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US China trade war: Soybeans left rotting thanks to lack of storage



donald trump make farmers great again
farmers are struggling amid the global trade war. Here, US
President Donald Trump in Peosta, Iowa, in July

Scott Olson/Getty

  • American farmers are struggling to sell their products
    as tariffs introduced during the trade war between Washington
    and Beijing stifle demand.
  • In certain states, farmers are being forced into
    plowing their crops under — effectively burying them under soil
    in fields — as there is simply not enough storage room in
    storage facilities.
  • The problem is most acute for soybean farmers, as China
    generally buys around 60% of US soybeans, but purchases have
    basically stopped since tariffs began.

American farmers are struggling to find storage for crops that
would usually be sold overseas, with some being forced to leave
produce rotting in fields as a last resort, as the trade conflict
between the US and China continues.

Farmers in various US states, farmers are being forced into
plowing their crops under — effectively burying them under soil
in fields — as there is not enough storage room in storage
facilities, and they are unable to sell their products thanks to
Chinese tariffs,
Reuters reported on Wednesday

All grain depots and silos are almost completely full,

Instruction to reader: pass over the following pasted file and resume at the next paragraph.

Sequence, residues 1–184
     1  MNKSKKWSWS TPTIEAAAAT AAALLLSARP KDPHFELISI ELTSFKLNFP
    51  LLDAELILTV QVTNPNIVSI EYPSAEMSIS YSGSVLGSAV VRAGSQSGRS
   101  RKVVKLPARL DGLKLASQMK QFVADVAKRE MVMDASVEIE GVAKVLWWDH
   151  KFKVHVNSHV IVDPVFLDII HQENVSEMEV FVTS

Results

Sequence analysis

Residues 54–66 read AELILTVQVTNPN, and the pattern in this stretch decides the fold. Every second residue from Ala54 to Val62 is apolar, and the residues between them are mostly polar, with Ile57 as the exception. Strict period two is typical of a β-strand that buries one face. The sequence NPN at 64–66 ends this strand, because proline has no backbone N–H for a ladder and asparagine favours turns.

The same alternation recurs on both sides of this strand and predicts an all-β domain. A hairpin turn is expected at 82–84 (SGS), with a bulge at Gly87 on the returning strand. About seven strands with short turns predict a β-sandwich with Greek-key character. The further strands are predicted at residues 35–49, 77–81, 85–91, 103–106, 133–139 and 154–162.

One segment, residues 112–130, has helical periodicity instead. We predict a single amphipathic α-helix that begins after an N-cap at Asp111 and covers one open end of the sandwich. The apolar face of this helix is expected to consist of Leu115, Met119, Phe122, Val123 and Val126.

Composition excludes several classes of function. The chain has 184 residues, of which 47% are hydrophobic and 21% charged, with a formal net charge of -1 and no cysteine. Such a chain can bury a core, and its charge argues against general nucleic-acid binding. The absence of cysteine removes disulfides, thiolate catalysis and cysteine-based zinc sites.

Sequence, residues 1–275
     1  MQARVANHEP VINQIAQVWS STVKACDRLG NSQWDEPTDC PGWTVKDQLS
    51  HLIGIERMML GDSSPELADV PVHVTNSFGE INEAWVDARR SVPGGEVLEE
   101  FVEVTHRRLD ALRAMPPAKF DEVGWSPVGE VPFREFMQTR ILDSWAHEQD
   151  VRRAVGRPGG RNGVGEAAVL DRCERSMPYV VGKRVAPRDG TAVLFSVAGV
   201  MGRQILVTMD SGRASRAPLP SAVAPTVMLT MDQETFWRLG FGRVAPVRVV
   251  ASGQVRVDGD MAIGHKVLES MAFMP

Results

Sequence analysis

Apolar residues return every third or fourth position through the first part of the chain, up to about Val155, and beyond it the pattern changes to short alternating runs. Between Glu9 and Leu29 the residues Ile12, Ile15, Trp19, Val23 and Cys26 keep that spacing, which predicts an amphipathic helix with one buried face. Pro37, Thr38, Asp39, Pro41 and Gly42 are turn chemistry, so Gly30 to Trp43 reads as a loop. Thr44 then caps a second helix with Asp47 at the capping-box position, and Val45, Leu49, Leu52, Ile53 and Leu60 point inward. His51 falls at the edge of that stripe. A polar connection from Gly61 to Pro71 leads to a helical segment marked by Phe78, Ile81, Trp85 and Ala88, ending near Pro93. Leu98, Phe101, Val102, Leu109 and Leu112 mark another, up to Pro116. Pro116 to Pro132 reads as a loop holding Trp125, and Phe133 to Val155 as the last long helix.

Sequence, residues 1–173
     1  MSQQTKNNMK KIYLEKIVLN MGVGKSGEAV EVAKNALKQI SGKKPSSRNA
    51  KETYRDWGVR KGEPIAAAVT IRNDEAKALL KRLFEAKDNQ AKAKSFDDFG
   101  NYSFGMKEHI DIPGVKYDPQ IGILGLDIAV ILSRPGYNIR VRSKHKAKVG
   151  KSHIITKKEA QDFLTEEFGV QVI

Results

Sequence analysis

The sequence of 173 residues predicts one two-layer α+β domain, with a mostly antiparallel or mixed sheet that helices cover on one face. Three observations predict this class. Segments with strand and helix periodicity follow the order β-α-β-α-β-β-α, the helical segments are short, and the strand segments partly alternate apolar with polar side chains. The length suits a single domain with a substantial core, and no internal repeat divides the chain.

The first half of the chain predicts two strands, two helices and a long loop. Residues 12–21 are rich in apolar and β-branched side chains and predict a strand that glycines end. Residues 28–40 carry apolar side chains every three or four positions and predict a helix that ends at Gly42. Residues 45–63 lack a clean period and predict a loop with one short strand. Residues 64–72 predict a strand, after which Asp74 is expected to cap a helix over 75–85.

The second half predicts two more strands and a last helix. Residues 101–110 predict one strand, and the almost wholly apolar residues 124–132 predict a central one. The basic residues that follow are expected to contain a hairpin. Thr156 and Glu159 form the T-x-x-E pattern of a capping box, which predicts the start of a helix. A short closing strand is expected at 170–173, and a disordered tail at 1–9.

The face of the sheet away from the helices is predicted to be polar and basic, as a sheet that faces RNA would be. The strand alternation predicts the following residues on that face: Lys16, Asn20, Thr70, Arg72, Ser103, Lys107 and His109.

meaning farmers have to find their own storage solutions, or
allow their crops to rot. Neither option is particularly

The problem is most acute for soybean farmers. China is the
largest importer of soybeans in the world, but since the start of
the trade war it has slapped US soybeans with a 25%
tariff, and turned
to Brazil in an attempt to meet domestic demand

Chinese purchases generally make up around 60% of all US soybean
exports, but those exports have practically stopped since the
tariffs were introduced.

In Louisiana, as much as 15% of this year’s soybean crop has
been ploughed under, or is too damaged to sell,
according to data analyzed by Louisiana State University staff
and cited by Reuters.

Read more:
‘We will never have a deal’: China’s former top trade negotiator
warns Beijing is hurting itself in Trump tariff

xi trump point laugh
US and China’s trade war continues. Xi Jinping and Donald Trump
in Beijing in November 2017.


There is some good news for farmers, however. Firstly, the Trump
administration has started a programme of subsidies to try and
lessen the impact of his trade war on US agriculture.

In August,
the administration launched a $4.7 billion initial investment
 to help corn, cotton,
dairy, hog, sorghum, soybean, and wheat farmers.

The program is slated to expand to as much as $12 billion.
But according to Reuters, less than $900 million has been paid
out so far.

On top of the subsidies,
tensions between the two sides appear to be waning
, with the
US signaling a more conciliatory stance when it comes to tariffs.
Trump has reportedly sidelined some of his most aggressively
anti-China team members, with Peter Navarro, an
uber-protectionist trade adviser, among those given a back seat.

The most significant sign that the US and China may actually come
to some agreement came last week after reports surfaced that
Beijing sent a letter to the Trump administration outlining
possible concessions.

So far, the US and China have traded tit-for-tat tariffs on goods
totalling $360 billion, with the US acting as the aggressor, and
Trump threatening numerous times to place tariffs on all US
imports from China, worth
about $500 billion

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